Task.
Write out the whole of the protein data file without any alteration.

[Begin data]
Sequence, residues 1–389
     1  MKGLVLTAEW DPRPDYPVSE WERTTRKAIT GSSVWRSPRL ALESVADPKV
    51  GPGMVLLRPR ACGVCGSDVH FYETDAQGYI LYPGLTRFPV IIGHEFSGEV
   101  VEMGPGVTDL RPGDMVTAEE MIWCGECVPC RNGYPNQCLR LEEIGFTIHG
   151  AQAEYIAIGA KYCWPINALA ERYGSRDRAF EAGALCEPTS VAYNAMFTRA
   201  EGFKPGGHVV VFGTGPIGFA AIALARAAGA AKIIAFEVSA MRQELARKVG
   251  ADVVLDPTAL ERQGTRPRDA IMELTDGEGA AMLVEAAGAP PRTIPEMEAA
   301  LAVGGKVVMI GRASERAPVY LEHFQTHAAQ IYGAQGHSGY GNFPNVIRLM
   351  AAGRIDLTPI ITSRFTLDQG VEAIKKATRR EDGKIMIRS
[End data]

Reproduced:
Sequence, residues 1–389
     1  MKGLVLTAEW DPRPDYPVSE WERTTRKAIT GSSVWRSPRL ALESVADPKV
    51  GPGMVLLRPR ACGVCGSDVH FYETDAQGYI LYPGLTRFPV IIGHEFSGEV
   101  VEMGPGVTDL RPGDMVTAEE MIWCGECVPC RNGYPNQCLR LEEIGFTIHG
   151  AQAEYIAIGA KYCWPINALA ERYGSRDRAF EAGALCEPTS VAYNAMFTRA
   201  EGFKPGGHVV VFGTGPIGFA AIALARAAGA AKIIAFEVSA MRQELARKVG
   251  ADVVLDPTAL ERQGTRPRDA IMELTDGEGA AMLVEAAGAP PRTIPEMEAA
   301  LAVGGKVVMI GRASERAPVY LEHFQTHAAQ IYGAQGHSGY GNFPNVIRLM
   351  AAGRIDLTPI ITSRFTLDQG VEAIKKATRR EDGKIMIRS